Arthur didn’t know what Merlin got up to most of these days. For some reason, he didn’t spend as much time with Gaius as he used to, nor was he seen as often in Morgana’s company. Morgana was undoubtedly still mad at Merlin for unleashing a goblin on the unsuspecting castle. The creature had caused a lot of mayhem making the ladies of the court act very un-lady-like (Morgana included) among other things. Arthur himself wasn’t happy with Merlin, having ended up with a pair of donkey ears. Nimueh had laughed herself stupid over them before spelling them away.
Arthur suspected, though, that the distance between Merlin and Morgana had a more serious reason. Morgana, while a powerful Seer, was not nearly as strong an enchantress. From what Arthur understood, having once overheard Gaius, few people could compare with Merlin where sorcery was concerned. It was therefore stupid to be jealous, but Arthur understood. He didn’t like it when Lancelot made him land on his arse during training, either.
Merlin could be seen conversing with Guinevere, Morgana’s pretty maid, sometimes. They seemed to enjoy each other’s company, and Arthur felt sorry for his friend – Lancelot made no secret of the admiration he had for Gwen. Poor Merlin stood no chance against the dashing young knight, who made the ladies of the court sigh dreamily every time he walked past.
Most of the time, though, Arthur had far more important things to do than think about Merlin’s misfortunes.
He had entered his first tournament at sixteen and won it, and had been giddy over his victory for weeks. His confidence boosted, he found himself chatting more freely with the ladies, offering Lancelot tough competition. Now that he was old enough, the neighbouring kingdoms stopped sending portraits of young princesses over and began sending the princesses in the flesh instead. It was immensely flattering, even if Arthur had no intention of marrying yet – the feasts were fun, and the favours the girls bestowed upon him sometimes even more so. Between that and planning campaigns to defend Camelot should Cenred or Bayard attack, Arthur was happily busy most of the time.
Throughout it all, Merlin had always been there, lurking in the background, never too far away, but never exactly close, either. It was disconcerting to suddenly realise how long it had been since they had spent any time together, just the two of them.
“Here,” Merlin said, making a vague gesture with his hand. “Let me help you out of your armour.”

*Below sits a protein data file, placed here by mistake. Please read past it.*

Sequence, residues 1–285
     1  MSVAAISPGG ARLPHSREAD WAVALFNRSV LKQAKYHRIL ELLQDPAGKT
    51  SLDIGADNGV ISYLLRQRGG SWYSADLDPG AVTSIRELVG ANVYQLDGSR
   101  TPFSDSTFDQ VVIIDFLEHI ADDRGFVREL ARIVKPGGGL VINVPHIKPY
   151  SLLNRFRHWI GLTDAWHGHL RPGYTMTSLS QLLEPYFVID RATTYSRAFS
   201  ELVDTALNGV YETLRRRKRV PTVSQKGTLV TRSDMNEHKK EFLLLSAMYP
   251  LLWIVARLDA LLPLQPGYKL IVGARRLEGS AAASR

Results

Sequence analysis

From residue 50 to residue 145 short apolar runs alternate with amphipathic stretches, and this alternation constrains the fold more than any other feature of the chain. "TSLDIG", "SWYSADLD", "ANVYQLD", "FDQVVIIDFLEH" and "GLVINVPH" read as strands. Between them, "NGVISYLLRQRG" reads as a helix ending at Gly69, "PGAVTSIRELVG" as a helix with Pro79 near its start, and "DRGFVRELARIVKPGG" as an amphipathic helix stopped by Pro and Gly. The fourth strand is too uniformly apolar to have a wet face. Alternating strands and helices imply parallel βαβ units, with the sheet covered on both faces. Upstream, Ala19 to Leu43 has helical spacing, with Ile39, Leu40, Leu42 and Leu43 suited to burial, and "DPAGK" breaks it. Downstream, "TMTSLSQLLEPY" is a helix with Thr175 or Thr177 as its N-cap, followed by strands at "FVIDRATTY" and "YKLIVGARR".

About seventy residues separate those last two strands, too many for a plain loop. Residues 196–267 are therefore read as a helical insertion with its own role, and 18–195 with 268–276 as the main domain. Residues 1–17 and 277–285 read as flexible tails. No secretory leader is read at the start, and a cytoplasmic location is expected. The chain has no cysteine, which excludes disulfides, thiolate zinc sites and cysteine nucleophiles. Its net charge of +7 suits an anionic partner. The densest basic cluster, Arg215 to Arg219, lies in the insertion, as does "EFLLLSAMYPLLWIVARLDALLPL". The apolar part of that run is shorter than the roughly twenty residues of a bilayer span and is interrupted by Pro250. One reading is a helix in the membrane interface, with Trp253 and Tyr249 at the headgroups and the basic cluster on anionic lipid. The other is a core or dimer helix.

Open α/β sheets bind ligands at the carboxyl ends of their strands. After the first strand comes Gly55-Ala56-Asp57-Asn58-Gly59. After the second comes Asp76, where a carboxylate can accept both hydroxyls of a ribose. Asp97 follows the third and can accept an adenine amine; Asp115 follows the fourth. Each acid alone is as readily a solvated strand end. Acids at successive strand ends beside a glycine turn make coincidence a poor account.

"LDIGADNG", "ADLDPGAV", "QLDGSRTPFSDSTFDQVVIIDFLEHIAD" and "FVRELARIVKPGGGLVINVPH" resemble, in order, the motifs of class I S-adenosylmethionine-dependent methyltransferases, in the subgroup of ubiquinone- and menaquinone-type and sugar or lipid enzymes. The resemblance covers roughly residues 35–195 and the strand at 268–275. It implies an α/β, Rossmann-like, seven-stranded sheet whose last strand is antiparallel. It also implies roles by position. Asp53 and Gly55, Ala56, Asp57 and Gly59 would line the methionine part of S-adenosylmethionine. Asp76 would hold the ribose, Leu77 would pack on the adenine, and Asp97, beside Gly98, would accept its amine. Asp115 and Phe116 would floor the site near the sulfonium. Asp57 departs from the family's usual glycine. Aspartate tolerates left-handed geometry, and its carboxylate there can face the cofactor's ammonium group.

Arthur frowned. “I’m sure Morris—”
“He wasn’t feeling well.” Merlin shrugged. “I dismissed him. Come on, don’t just stand there. I know how to do this.”
Arthur walked over towards him, surrendering to Merlin’s direction as the boy worked efficiently to rid him of his armour.
“This is unexpectedly kind of you,” Arthur said. “To what do I owe the pleasure?”
“You’re welcome,” Merlin grunted, pulling the mail off of him.
Arthur turned around to look at him as he finished. “Seriously, Merlin. What’s going on?”
Merlin was straightening the chainmail he laid out on the table, his long fingers sliding over the rings of steel absently.
“You’re a great warrior, Arthur,” he said, not lifting his eyes. “I’ve seen you fight. You’re – you’re good. Really.”
Arthur’s frown deepened. “… Thanks?”
“Yeah.” Merlin pursed his lips. “Just – try not to think with your sword, yeah? You’re going to be king one day. You’ll need brains as well as brawn.” He smirked, glancing at Arthur. “Try to read a book or two every now and then, okay? Contrary to what you’ve heard, they don’t actually bite.”
“Merlin.” Arthur was staring at him in ever-mounting confusion. “What are you talking about? Why do you—”
“I’m leaving tomorrow.”
“I don’t understand.” Arthur blinked. “Leaving where?”
Merlin peered at the fire pensively. “Gaius has taught me everything he knows. I’m going to the forest of Ehdrina to study with the Druids.”
Arthur spluttered. “But – Merlin, that’s not till you’re at least fourteen!”
Merlin lifted an eyebrow in a fair imitation of his mentor. “Arthur, my birthday was two weeks ago.”
Arthur stared, shocked. “Oh God. Merlin, I’m—”
Merlin shook his head. “It’s okay. I wouldn’t have remembered yours, either, if there wasn’t a yearly feast in its honour.” He was lying, and they both knew it. “Really, Arthur, it’s fine. I know you’re busy with Lancelot and the knights.”
Arthur leaned against the table, guilt twisting his stomach. Despite Merlin’s words, he was clearly hurt, though he was doing his best to hide it.
He’d make it up to Merlin, Arthur decided instantly. He’d throw him a surprise party when he returned – one that Merlin would remember.